We must look at facts objectively. Why? Well, because a fact is a fact no matter how we feel about it. This critique serves as a strong argument against cultural relativism, in that it tries to derive a conclusion about a subject based on a disagreement. It must be clarified that this logical approach is based almost solely on the structure of the argument. Insofar, we have examined a more scientific debate of cultural relativism. This allows me to turn to my third premise. Cultural relativism is applicable to matters that do not have a definite answer.
These matters are intertwined with hundreds of years of conditioning, culture and more importantly so, religion or lack thereof. Issues of moral obligations and behaviors that differ greatly from one society to the next “can be endlessly documented. A field of human behaviour may be ignored in some societies until it barely exists… [o]r it may almost monopolize the whole organized behaviour of the society” (Benedict, 1934). We cannot possibly begin to arbitrate the daily lives and decisions of people whose upbringings we know nothing about. Consider again the example of the Iraqi,
Muslim woman. That woman, say, must maintain her position in the house while her husband works for the family. A cosmopolitan woman living in New York City would look down on this lifestyle. The cosmopolitan woman, in the moral code of her society, cannot begin to understand what the Iraqi woman’s lifestyle. We can compare these two women to two independent functions, traveling the same x-axis. These two functions may at some value intersect, but they are not synonymous. We shouldn’t study these two functions together, but apart, each with their own values or in our case, moral standards.
The argument behind this is that people from different cultures should not be studied together. Studied together, they are too different morally. To truly understand a culture, that culture shouldn’t be studied against or with another. To recall, we previously said that things are labelled true or false based on the objectivity of the circumstance. While we can label scientific statements as true or false, we cannot do the same on matters like the role of a woman in a society: “there is no objective “truth” in morality. Right and wrong are only matters of opinion, and opinions vary from culture to culture. The fundamental mistake in the Cultural Differences Argument is that it tries to derive a functional conclusion about a subject (morality) from the mere fact that people disagree about it. The final argument against cultural relativism is the extent to which the differences between societies are in our values, or in our belief systems. This will serve as my final argument against the notions of cultural relativism. Consider a culture in which people believe it is wrong to consume non-piscine seafood, like shrimp. This society would appear to have values very different from our own. But does it?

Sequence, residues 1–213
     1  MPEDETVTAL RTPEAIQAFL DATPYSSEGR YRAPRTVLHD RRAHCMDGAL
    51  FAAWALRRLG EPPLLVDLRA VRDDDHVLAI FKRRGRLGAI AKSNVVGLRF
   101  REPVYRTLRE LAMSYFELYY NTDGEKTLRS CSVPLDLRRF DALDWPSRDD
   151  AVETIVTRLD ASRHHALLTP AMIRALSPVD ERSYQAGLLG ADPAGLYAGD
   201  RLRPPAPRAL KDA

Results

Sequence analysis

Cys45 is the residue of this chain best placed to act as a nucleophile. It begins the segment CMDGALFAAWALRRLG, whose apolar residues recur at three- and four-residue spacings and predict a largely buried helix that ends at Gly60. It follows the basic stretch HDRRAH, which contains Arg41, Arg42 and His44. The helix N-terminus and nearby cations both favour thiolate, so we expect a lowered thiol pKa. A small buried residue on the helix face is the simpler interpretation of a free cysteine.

There must be a reason, as to why these people don’t consume seafood. Maybe it’s because shrimp represent vice in the eyes of the people. Now, just because it represents vice in their society, does not mean they have different values from ours. There are many factors at play to make up the customs of a society, and the society’s values are only one of them. This basis of this argument is that two people from different cultures don’t always necessarily have different values, but different belief systems. If we were to analyze different cultures around the world, we can observe that there are many values that are shared almost universally.
One example, as pointed out by Rachels, is truth telling. Thus, there is less extent about the difference in values than there appears to be. To conclude, cultural relativism is a strong way to challenge the notion that morality is objective. Cultural relativism concludes that “[w]e could no longer say that the customs of other societies are morally inferior to our own… [w]e would have to stop condemning other societies merely because they are ‘different” (Rachels, 1986). It offers genuine insight into different states of mind and behavior that arise in societies.
There are so many practices around the world that are just a product of different cultures and morals. Cultural relativism is an attractive theory with some faults, as proven throughout the paper. Moreover, it is important to keep an open-mind when evaluating different cultures and behaviors, as Herodotus once said “[e]veryone without exception believes his own native customs, and the religion he was brought up in, to be the best. ” (History of Herodotus, 440 BCE). If we keep this in mind, we can come to understand that our feelings and perceptions are all a result of cultural conditioning.